Not only is Aunt Sarah trouble, but so are her two Siamese cats, who tear up the place and blame it on Lady. Aunt Sarah goes to a pet shop to get Lady a muzzle, which results in the family’s beloved dog running away. After getting lost, Lady becomes acquainted with the Tramp, who helps her get by in life without humans, and the two begin an adventurous romance. All the while, Lady hopes to find a way back home.

It’s simple stuff, but like most Disney movies, the animal characters are cute and easily win the audience over, and it’s a charming enough story to delight both children and adults. It’s true that Disney movies reached a whole new level of entertainment value during their “Renaissance” era of the 1990s, and its only been in recent years that the non-Pixar animated features from Disney have reached a greater level of sophistication in their storytelling. So Lady and the Tramp falls under the umbrella of simplicity that was Disney’s 1950’s output, but again, it has the right amount of charm to bring smiles to faces (especially if you’re a dog lover like myself, though this makes the dog pound scene twice as heartbreaking).

The film is well animated, as you would expect from Disney, though their are some notably choppy moments in editing. But the animals all have a fluidity to their movements, and like most Disney features, the animators gave them as much personality in their appearance as the actors did in their voices.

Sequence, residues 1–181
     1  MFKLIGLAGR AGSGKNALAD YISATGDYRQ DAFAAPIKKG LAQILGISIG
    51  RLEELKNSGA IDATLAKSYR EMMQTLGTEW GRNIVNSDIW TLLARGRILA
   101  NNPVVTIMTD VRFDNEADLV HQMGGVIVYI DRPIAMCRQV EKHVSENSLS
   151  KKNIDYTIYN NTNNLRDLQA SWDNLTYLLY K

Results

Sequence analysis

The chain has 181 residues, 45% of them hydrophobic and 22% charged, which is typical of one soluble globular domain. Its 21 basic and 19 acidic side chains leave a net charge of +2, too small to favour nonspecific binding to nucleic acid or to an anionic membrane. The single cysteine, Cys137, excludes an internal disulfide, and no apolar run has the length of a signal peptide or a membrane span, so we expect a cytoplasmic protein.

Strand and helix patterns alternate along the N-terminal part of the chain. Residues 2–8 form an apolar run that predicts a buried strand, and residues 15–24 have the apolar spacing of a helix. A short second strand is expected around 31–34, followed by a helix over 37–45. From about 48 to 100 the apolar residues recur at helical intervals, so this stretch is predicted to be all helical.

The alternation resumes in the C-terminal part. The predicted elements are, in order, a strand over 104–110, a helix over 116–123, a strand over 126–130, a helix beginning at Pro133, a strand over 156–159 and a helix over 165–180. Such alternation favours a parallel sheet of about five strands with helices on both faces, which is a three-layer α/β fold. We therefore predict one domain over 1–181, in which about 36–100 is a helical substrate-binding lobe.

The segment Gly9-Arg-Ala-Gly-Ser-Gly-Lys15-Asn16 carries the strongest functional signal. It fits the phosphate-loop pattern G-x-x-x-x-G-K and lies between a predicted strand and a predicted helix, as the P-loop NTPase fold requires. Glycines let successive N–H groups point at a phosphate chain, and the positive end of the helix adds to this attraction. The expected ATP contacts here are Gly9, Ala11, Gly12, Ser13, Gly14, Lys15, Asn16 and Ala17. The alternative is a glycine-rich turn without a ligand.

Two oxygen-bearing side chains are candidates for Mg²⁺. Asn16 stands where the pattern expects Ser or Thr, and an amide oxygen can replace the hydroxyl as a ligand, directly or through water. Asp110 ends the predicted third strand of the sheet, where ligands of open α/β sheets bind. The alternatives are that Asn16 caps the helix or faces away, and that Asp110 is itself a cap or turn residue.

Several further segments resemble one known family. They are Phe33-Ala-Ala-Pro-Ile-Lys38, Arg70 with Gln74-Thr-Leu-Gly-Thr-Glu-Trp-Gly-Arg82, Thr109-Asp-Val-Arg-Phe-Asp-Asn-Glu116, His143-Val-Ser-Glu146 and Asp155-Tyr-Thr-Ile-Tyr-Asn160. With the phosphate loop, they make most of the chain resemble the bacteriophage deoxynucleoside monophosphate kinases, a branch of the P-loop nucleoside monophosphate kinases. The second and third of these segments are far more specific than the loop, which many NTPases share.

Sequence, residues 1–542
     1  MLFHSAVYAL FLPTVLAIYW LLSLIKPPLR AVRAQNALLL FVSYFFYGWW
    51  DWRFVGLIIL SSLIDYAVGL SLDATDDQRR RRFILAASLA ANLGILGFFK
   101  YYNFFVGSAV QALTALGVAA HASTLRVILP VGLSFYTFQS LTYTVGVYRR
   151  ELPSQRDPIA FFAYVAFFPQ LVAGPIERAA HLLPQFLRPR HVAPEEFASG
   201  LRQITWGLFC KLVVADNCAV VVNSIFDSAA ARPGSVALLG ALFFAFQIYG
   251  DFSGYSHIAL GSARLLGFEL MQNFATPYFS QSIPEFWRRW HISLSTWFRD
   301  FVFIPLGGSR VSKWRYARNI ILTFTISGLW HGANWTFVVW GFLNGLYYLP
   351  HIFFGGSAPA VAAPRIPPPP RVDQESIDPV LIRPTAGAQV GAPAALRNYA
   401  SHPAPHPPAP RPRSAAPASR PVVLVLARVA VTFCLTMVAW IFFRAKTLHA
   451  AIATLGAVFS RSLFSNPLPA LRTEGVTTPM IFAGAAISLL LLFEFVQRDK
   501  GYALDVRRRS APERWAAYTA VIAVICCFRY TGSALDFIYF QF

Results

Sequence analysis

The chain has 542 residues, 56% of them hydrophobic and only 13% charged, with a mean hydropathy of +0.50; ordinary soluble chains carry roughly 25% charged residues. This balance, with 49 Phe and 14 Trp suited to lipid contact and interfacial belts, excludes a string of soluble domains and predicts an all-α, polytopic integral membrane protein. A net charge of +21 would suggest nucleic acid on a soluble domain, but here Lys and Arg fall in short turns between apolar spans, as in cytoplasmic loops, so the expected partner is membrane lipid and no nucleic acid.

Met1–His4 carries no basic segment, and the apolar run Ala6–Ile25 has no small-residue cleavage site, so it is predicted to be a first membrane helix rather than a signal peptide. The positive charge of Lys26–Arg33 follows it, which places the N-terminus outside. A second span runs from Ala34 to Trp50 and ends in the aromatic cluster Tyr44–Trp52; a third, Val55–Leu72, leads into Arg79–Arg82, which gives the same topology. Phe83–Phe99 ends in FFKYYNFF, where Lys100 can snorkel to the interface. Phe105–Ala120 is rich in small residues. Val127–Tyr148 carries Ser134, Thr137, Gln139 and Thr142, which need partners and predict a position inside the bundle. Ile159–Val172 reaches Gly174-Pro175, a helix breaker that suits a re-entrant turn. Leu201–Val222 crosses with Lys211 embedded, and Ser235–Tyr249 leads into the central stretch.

Lady and the Tramp is also notable for including some of the most iconic scenes in not only Disney’s library, but in all of American cinema. The famous spaghetti scene has been paid homage and parodied countless times through the decades, to the point that younger audiences may not realize that it originated here.

Lady and the Tramp is too simple to be ranked among the absolute best Disney animated features, but it’s filled with so many delightful little moments and cute animal characters that it hardly matters. It’s a sweet, innocently romantic movie that remains heartwarming even today.

 

7.5

The Lego Batman Movie Review

Lego Batman

I did not like The Lego Movie. While just about everyone else was singing its praises, I found it to be kind of insipid. Its hyperactivity was more exhausting than fun, its visuals lost their charm within a short amount of time, and its message of everything being special was just too naive to resonate (I’m sorry, but not everything is awesome). I would even rank it among the most overrated animated films alongside the likes of Akira and the How to Train Your Dragon series.

That’s why it’s a very welcome surprise that I enjoyed The Lego Batman Movie as much as I did. By trimming all the fat and simply focusing on the best aspect of the original (Batman), The Lego Batman Movie easily outshines its predecessor with a more memorable cast of characters, a more honest message for its target audience, and more laughs per minute.

Lego BatmanIn The Lego Batman Movie, the Joker (Zack Galifanakis) is up to his old tricks, and plans a hostile takeover of Gotham City with the help of pretty much every Batman villain in the book (from Bane – who speaks in a voice that parodies Tom Hardy’s performance in The Dark Knight Rises – to the Condiment King). The villains are once again stopped by Batman (Will Arnett) who, much to the dismay of the Joker, claims he doesn’t need anyone in his life, even an archvillain like the Clown Prince of Crime.